A selection of philosophical writings can be daunting to the uninitiated in the field of philosophy. Michael Palmer makes the process of becoming acquainted with philosophical texts smoother in this practical coursebook.
Designed to equip students of clinical school and nursing with essential ethical awareness for medical dilemmas, this guide to reflecting upon moral medical problems covers an impressive scope.
Controversial issues, including: euthanasia, abortion, vivisection, human-testing and behaviour control, are examined in considerable detail, as well as issues such as the right to self-determination and the limits of confidentiality. Students are invited to explore each issue with the use of philosophical questions. The very concept of ethics is investigated and chapters on egoism, utilitarianism, Kant’s theories, determinism and meta-ethics are included. The discussion extends into the relatively unexplored area of cutting-edge genetic research and gives readers a sense of how existing thinking can be applied when new developments arise.
Each topic is lucidly introduced and then examined in more depth through extracts taken from such major ethical thinkers as James Rachels, Sissela Bok and Peter Singer. Case-studies are provided so that the student can place often overwhelming philosophical theories in context. This demonstrates how philosophy is still very much applicable to the present-day. Hypothetical questions test the student’s understanding and comprehension questions demand evaluation of the text. In addition, a detailed bibliography at the end of each chapter provides opportunities for further research and reading.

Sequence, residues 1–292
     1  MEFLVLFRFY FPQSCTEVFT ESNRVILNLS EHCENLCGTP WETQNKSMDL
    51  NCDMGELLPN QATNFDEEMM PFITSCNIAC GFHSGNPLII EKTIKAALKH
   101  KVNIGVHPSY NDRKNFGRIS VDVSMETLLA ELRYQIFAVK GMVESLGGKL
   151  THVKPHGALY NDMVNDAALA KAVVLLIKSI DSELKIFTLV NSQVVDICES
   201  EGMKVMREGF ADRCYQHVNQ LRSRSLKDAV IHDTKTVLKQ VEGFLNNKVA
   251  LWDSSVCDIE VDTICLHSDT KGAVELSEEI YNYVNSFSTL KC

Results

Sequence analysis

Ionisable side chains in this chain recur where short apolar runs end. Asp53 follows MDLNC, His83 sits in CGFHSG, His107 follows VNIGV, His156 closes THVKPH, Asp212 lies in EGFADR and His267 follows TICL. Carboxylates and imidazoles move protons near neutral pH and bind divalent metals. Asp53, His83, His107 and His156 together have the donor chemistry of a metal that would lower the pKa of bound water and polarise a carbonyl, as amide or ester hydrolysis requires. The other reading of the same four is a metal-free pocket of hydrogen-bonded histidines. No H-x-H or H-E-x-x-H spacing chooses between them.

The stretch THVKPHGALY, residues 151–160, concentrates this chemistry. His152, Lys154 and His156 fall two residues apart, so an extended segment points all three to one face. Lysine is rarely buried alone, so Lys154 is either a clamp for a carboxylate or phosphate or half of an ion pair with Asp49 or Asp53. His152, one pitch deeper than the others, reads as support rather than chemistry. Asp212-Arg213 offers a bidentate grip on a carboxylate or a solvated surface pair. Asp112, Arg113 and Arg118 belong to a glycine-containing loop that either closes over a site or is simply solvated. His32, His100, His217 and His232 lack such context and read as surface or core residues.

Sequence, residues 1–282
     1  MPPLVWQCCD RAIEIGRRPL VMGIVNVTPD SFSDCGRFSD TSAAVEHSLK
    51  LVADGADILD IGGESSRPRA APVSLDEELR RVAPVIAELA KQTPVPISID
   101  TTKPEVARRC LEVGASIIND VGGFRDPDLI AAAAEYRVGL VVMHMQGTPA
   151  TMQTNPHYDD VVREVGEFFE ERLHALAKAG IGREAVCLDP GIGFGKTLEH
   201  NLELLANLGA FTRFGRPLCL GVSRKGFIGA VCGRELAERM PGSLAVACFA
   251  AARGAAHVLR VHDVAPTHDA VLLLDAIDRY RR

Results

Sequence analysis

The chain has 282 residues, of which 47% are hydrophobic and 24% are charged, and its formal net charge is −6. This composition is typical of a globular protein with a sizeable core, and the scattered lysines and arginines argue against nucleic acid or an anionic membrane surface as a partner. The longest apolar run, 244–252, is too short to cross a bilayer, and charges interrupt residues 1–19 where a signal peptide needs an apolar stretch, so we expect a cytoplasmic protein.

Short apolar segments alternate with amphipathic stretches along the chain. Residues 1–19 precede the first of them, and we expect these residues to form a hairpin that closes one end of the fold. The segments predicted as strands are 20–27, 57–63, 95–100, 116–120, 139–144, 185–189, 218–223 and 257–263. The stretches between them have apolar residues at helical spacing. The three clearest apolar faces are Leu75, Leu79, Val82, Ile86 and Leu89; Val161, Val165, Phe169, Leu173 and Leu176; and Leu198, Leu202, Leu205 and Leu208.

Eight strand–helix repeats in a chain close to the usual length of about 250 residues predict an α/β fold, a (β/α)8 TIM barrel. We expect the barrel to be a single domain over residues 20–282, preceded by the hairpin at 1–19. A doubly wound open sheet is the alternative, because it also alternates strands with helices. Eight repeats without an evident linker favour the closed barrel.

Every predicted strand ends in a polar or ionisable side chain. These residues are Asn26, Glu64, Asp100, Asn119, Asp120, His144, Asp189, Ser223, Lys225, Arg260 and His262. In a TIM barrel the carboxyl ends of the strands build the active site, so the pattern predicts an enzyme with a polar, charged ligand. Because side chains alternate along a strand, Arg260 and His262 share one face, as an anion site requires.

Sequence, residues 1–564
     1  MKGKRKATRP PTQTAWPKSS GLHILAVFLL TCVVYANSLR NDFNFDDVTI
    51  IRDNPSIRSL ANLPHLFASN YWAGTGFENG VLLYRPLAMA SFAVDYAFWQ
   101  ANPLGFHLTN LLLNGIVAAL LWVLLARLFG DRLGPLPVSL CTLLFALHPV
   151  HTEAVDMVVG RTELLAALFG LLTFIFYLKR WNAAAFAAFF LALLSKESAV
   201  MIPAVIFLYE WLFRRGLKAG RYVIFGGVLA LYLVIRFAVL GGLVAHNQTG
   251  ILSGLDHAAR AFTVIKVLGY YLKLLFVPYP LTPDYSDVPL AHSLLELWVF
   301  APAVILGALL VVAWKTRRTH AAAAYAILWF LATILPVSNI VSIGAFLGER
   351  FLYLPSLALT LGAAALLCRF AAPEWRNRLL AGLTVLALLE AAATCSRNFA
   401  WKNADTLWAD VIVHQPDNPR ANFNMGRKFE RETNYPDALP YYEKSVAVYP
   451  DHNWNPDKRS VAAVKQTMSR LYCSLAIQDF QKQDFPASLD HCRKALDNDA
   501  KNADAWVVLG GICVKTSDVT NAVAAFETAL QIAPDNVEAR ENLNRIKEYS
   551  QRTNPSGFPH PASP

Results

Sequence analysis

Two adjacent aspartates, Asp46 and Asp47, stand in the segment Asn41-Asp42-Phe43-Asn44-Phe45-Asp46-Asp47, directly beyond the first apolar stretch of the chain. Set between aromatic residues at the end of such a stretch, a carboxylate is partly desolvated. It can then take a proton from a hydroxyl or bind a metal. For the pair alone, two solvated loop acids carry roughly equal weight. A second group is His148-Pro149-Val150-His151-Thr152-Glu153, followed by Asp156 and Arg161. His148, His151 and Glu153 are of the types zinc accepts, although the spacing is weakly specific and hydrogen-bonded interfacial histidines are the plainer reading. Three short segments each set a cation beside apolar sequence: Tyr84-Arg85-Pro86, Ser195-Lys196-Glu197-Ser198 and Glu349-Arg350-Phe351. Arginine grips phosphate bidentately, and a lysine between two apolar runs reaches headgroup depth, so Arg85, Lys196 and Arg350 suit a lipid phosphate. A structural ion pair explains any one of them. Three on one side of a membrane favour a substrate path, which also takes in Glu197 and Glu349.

This informative introduction to ethical awareness provides the reader with vital theoretical tools for the management of real medical concerns. Although aimed primarily at students, it will also prove a valuable, thought-provoking resource for doctors, nurses, paramedics, those employed in healthcare management, and members of the public concerned with the ethics of medical practice.
Endorsements and Reviews
I was very impressed with both the content and layout of, particularly with the use of extracts and critical commentary. The exercises and questions posed in the text are very useful to help the reader understand and relate the concepts and theories to practice. The extensive reading lists are a very useful source of further reading.
Ian Donaldson, Institute of Health & Community Studies, Bournemouth University
This book was a joy to read. It is easy to read, yet has greater depth than most books of applied ethics. It is wonderful resource with many pertinent articles not only included, but critiqued. The extracts offer the reader a balanced, critical view from which to analyse and reflect. This book should be useful for academics and clinicians, as well as saving hours for students searching for primary sources.
Isabel Smith, School of Health Studies, University of Bradford
The book highlights the relevant ethical theory. Overall, this is an excellent text for level three undergraduate study.